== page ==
Chris is the person who taught me how to hunt. He taught me everything that was necessary to enter into the woods and come out with game. He welcomed my wife and I into his home and made us a part of his family. He is married to a wonderful woman named Mary Jo and they have two wonderful children Cory and Eric. He showed me the ways of the woods, the ebb and flow of nature surrounding us. He taught me, and showed me that every part of the natural world has a pattern of living and dying. In order to sustain itself it must be controlled. And that control process is through the food chain. Killing, gathering, eating of plant and animals. All things will die. This is the man who left me alone in the big oak woods at night. Did he know that I was afraid to be by myself in the woods in the dark? Probably. I never informed him of that personal flaw in character, but he probably knew the same he knows that deer have entered the back bean field when that bean field is acres away from his house. I’m sure he was making me find the stand in the dark by myself, either to help me get over my fear, or just for a good laugh to himself. He’s entertained by such things.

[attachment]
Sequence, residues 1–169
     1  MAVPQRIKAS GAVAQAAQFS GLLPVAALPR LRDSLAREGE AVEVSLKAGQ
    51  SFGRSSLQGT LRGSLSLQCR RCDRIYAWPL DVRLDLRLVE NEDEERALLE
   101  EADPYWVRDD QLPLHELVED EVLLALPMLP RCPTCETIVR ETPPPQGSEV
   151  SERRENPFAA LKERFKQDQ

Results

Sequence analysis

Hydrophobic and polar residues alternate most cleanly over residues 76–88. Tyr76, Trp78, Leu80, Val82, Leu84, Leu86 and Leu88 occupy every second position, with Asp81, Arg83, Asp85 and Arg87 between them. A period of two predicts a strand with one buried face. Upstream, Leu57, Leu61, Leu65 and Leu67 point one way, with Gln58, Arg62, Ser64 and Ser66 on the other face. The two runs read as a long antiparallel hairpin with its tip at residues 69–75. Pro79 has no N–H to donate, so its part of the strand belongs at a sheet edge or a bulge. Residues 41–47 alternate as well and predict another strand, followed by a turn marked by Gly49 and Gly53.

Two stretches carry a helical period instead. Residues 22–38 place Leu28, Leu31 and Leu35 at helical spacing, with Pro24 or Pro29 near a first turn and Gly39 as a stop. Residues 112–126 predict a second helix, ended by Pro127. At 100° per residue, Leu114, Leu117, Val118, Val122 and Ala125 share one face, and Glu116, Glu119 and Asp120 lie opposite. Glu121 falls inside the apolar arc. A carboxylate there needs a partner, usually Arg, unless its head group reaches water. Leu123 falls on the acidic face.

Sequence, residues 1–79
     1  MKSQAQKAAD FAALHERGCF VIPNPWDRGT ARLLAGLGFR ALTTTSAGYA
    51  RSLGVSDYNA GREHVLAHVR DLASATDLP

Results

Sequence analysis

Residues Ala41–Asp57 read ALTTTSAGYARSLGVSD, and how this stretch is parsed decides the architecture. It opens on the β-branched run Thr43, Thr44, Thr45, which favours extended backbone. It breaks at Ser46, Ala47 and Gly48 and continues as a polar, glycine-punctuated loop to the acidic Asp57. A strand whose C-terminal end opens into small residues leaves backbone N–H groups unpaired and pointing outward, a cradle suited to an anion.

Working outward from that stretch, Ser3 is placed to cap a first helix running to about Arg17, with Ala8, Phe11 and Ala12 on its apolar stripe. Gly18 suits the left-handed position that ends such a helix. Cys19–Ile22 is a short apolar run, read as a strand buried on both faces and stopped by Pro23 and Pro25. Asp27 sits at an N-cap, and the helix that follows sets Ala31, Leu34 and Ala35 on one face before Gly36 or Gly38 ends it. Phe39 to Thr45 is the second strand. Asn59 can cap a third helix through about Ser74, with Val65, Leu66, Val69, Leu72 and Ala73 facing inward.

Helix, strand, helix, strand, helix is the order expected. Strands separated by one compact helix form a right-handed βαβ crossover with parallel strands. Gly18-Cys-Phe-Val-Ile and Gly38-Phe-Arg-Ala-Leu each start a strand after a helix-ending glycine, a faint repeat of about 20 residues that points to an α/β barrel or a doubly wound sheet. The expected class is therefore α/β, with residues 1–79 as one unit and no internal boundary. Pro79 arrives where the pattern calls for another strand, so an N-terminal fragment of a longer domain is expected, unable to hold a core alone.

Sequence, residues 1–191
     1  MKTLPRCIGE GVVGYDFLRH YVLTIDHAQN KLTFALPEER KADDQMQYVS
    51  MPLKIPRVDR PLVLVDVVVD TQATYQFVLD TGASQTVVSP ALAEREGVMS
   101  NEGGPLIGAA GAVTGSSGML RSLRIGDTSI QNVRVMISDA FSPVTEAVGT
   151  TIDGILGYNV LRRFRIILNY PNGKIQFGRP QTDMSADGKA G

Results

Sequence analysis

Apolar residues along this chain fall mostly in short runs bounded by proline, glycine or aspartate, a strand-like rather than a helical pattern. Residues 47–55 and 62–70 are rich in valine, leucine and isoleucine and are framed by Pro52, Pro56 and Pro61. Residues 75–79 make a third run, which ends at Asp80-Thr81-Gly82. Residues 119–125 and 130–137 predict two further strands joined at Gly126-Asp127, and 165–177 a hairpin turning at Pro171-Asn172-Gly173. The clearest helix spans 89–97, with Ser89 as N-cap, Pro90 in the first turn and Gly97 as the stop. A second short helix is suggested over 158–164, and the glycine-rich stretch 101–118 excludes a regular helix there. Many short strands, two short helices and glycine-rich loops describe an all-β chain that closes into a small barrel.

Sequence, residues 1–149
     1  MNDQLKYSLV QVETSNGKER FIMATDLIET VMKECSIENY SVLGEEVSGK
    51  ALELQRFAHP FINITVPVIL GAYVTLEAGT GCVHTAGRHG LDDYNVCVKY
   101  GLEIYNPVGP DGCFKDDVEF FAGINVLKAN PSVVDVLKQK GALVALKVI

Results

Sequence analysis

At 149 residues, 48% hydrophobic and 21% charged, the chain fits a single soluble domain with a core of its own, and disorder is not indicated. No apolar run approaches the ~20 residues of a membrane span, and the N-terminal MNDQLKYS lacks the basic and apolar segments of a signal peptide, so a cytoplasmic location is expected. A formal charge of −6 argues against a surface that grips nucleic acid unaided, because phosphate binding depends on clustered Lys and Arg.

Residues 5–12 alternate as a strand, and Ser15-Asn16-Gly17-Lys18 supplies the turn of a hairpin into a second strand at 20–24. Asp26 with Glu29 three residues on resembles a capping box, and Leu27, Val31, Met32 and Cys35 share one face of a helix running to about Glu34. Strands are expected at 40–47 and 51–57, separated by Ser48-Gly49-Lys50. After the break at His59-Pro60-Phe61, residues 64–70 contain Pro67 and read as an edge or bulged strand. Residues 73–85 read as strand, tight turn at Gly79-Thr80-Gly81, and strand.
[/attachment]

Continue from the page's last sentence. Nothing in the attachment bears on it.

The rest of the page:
“A mile away. Okay sounds good. Which way’s east?” I thought to myself. I was looking in the direction of my stand and I turned to ask him, but he had simply and silently slipped off into the night, disappearing into the dark oak woods which were almost home to him. I suddenly felt very alone. Almost helpless and frozen in time and space. “Get it together man and let’s find that stand before Bigfoot finds you.” I said to myself. And off I went. Down in the direction he showed me. There were a hundred if not thousands of sticks crossing the path but I happened to see an impression in the ground next one stick in particular. A track! A test! Did Chris make this impression to test me on my tracking ability? Who knows? I turned left and walked three hundred yards. It took me all of 30 minutes from that point to find my stand. It was silhouetted to the sky about 20 feet up a tree. I climbed up, attached my harness to the tree, pulled up my compound bow, settled in and waited for the sun to rise.

There are many things that goes through a person’s head as they sit in a tree in the big woods for eight hours straight. All my senses become heightened. I can hear more sounds than normal. The chirp of a pissed off squirrel. The calls of nearby cattle. The grunt of a mature buck looking for a mate. The wind moving through the trees. I start to pick out different colors. What colors belong? Which ones don’t? The concentration it takes to listen, spot, and feel to find game is enormous. It’s enormously taxing and it’s enormously relaxing as well.